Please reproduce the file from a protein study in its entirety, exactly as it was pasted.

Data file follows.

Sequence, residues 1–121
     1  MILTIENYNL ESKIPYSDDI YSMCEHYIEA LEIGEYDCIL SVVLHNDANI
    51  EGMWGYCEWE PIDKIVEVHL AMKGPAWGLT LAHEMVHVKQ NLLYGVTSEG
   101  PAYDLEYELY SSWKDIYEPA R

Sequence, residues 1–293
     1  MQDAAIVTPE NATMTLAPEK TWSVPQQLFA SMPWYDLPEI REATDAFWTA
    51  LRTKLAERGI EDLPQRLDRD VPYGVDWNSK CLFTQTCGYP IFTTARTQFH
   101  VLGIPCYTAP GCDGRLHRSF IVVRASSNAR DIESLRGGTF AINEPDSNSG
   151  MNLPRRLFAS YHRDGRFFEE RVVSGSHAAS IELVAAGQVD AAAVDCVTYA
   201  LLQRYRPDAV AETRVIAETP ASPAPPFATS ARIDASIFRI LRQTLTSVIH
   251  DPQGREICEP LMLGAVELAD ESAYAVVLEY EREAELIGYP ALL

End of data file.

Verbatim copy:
Sequence, residues 1–121
     1  MILTIENYNL ESKIPYSDDI YSMCEHYIEA LEIGEYDCIL SVVLHNDANI
    51  EGMWGYCEWE PIDKIVEVHL AMKGPAWGLT LAHEMVHVKQ NLLYGVTSEG
   101  PAYDLEYELY SSWKDIYEPA R

Sequence, residues 1–293
     1  MQDAAIVTPE NATMTLAPEK TWSVPQQLFA SMPWYDLPEI REATDAFWTA
    51  LRTKLAERGI EDLPQRLDRD VPYGVDWNSK CLFTQTCGYP IFTTARTQFH
   101  VLGIPCYTAP GCDGRLHRSF IVVRASSNAR DIESLRGGTF AINEPDSNSG
   151  MNLPRRLFAS YHRDGRFFEE RVVSGSHAAS IELVAAGQVD AAAVDCVTYA
   201  LLQRYRPDAV AETRVIAETP ASPAPPFATS ARIDASIFRI LRQTLTSVIH
   251  DPQGREICEP LMLGAVELAD ESAYAVVLEY EREAELIGYP ALL